Dispersal: Annual bluegrass disperses short distances by rain wash and wind. People, however, contribute most to the dispersal between fields and farms. The seeds stick readily to wet shoes, tires and mowing machinery, and since seeds often reach high density in soil, they probably also frequently disperse in soil clinging to tillage and cultivation machinery. Mowing can be an important factor dispersing this species. Seeds also pass through cattle and are spread with the manure. Birds may occasionally disperse the seeds.
Common natural enemies: Bluegrass billbug larvae (Calendra parvulus) eat the rootlets. Several species of Carambus moth, including the bluegrass webworm (C. teterellus) attack annual bluegrass; many fungal diseases also attack it. Large earthworms eat annual bluegrass seeds and digest about 70% of what they consume (Hutchinson and Seymour 1982).
Palatability: People do not eat any part of annual bluegrass. Livestock, however, find it highly palatable.
Note: Annual bluegrass pollen causes hay fever symptoms in many people.
Weed Characteristics Summary Table
|Growth habit||Seed weight (mg)||Seed dormancy at shedding||Factors breaking dormancy||Optimum temperature for germination (F)||Seed mortality in untilled soil (%/year)||Seed mortality in tilled soil (%/year)||Typical emergence season||Optimum emergence depth (inches)|
|short, erect to prostrate||0.19–0.48||Variable||cms, wst, li, at, ni||41–68||17–26||26–50||late summer to fall, spring||0–1|
|Photosynthesis type||Frost tolerance||Drought tolerance||Mycorrhiza||Response to nutrients||Emergence to flowering (weeks)||Flowering to viable seed (weeks)||Pollination||Typical & high seed production (seeds per plant)|
|C3||high||low||yes||high||1–8||1–2||self, can cross||2,000 & 20,000|
General: The designation “–” signifies that data is not available or the category is not applicable.
Growth habit: A two-word description; the first word indicates relative height (tall, medium, short, prostrate) and second word indicates degree of branching (erect, branching, vining).
Seed weight: Range of reported values in units of “mg per seed.”
Seed dormancy at shedding: “Yes” if most seeds are dormant when shed, “Variable” if dormancy is highly variable, “No” if most seeds are not dormant.
Factors breaking dormancy: The principle factors that are reported to break dormancy and facilitate germination. The order of listing does not imply order of importance. Abbreviations are:
scd = seed coat deterioration
cms = a period subjected to cold, moist soil conditions
wst = warm soil temperatures
li = light
at = alternating day-night temperatures
ni = nitrates
Optimum temperature range for germination: Temperature (Fahrenheit) range that provides for optimum germination of non-dormant seeds. Germination at lower percentages can occur outside of this range. The dash refers to temperature range, and the slash refers to alternating day/night temperature amplitudes.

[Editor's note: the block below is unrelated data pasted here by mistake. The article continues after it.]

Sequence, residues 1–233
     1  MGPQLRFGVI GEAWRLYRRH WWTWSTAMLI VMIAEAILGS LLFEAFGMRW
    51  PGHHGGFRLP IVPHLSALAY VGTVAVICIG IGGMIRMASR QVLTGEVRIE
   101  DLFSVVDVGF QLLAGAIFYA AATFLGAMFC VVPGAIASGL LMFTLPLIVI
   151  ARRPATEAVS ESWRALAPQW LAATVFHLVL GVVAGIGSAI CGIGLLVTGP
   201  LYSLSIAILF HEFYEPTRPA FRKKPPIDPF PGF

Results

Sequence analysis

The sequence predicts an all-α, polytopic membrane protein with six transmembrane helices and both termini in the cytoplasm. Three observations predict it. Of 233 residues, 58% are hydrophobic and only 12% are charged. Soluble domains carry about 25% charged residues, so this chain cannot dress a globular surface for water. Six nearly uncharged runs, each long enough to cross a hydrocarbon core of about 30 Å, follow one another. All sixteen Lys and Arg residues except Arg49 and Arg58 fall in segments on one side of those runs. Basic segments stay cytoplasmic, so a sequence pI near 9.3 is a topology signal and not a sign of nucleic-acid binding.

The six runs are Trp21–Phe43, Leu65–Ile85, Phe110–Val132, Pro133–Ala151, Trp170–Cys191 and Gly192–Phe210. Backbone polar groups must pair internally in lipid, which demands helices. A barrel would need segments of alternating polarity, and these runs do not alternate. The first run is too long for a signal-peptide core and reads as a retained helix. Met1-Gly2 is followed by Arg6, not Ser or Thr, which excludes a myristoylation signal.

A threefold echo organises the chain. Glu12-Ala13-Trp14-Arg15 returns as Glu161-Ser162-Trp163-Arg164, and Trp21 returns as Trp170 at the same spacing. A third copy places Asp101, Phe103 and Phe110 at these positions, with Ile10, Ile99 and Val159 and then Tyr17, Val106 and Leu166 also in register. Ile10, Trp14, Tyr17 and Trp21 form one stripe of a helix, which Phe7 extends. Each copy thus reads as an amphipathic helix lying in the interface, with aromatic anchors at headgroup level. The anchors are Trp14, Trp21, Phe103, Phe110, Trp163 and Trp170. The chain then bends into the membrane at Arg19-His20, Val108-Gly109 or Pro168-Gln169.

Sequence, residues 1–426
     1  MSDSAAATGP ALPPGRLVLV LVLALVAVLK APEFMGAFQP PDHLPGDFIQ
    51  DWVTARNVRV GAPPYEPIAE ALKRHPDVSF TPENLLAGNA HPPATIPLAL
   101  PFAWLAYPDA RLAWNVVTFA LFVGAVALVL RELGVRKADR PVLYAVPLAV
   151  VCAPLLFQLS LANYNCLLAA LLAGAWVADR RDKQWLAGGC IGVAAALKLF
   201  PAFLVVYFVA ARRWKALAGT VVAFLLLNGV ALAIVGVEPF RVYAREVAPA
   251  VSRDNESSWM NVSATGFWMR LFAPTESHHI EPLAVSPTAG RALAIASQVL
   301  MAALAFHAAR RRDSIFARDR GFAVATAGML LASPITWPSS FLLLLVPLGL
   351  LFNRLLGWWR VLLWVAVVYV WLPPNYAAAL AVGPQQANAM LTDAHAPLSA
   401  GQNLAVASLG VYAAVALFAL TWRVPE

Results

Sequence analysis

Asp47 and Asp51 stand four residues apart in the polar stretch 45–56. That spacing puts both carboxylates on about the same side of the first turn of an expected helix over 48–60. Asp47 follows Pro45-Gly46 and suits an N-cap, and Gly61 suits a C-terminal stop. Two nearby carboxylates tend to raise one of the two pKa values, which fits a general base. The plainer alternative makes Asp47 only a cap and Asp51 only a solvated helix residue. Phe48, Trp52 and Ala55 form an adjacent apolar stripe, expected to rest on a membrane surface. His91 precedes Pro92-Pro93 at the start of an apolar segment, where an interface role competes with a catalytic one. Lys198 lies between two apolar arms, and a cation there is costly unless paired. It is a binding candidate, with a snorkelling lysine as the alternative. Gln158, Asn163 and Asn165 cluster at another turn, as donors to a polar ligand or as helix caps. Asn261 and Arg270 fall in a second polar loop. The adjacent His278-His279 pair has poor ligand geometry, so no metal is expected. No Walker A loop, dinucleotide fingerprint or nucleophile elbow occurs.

Seed mortality in untilled soil: Range of mortality estimates (percentage of seed mortality in one year) for buried seeds in untilled soil. Values were chosen where possible for seeds placed at depths below the emergence depth for the species and left undisturbed until assessment. Mortality primarily represents seed deterioration in soil.
Seed mortality in tilled soil: Range of mortality estimates (percentage of seed mortality in one year) for seeds in tilled soil. Values were chosen for seeds placed within the tillage depth and subjected to at least annual tillage events. Seed losses are the result of dormancy-breaking cues induced by tillage, germination and deterioration of un-germinated seeds.
Typical emergence season: Time of year when most emergence occurs in the typical regions of occurrence for each weed. Some emergence may occur outside of this range.
Optimum emergence depth: Soil depths (in inches below the soil surface) from which most seedlings emerge. Lower rates of emergence usually will occur at depths just above or just below this range.
Photosynthesis type: Codes “C3” or “C4” refer to the metabolic pathway for fixing carbon dioxide during photosynthesis. Generally, C3 plants function better in cooler seasons or environments and C4 plants function better in warmer seasons or environments.
Frost tolerance: Relative tolerance of plants to freezing temperatures (high, moderate, low).
Drought tolerance: Relative tolerance of plants to drought (high, moderate, low).
Mycorrhiza: Presence of mycorrhizal fungi. “Yes” if present; “no” if documented not to be present, “unclear” if there are reports of both presence and absence; “variable” if the weed can function either with or without, depending on the soil environment.
Response to nutrients: Relative plant growth response to the nutrient content of soil, primarily N, P, K (high, moderate, low).
Emergence to flowering: Length of time (weeks) after emergence for plants to begin flowering given typical emergence in the region of occurrence. For species emerging in fall, “emergence to flowering” means time from resumption of growth in spring to first flowering.
Flowering to viable seed: Length of time (weeks) after flowering for seeds to become viable.
Pollination: “Self” refers to species that exclusively self-pollinate, “cross” refers to species that exclusively cross-pollinate, “self, can cross” refer to species that primarily self-pollinate, but also cross-pollinate at a low rate, and “both” refers to species that both self-pollinate and cross-pollinate at relatively similar rates.
Typical and high seed production potential: The first value is seed production (seeds per plant) under typical conditions with crop and weed competition. The second value, high seed production, refers to conditions of low density without crop competition. Numbers are rounded off to a magnitude that is representative of often highly variable reported values.
Hutchinson, C.S. and G.B. Seymour. 1982. Ecological flora of the British Isles. Poa annua L. Journal of Ecology 70: 887–901.
Mitich, L.W. 1998. Annual bluegrass (Poa annua L.). Weed Technology 12: 414–416.
Vargas, J.M. Jr. and A.J. Turgeon. 2004. Poa annua. Physiology, Culture, and Control of Annual Bluegrass. John Wiley & Sons, Inc. 184 pp.
Warwick, S.J. 1979. The biology of Canadian weeds. 37. Poa annua L. Canadian Journal of Plant Science 59: 1053–1066.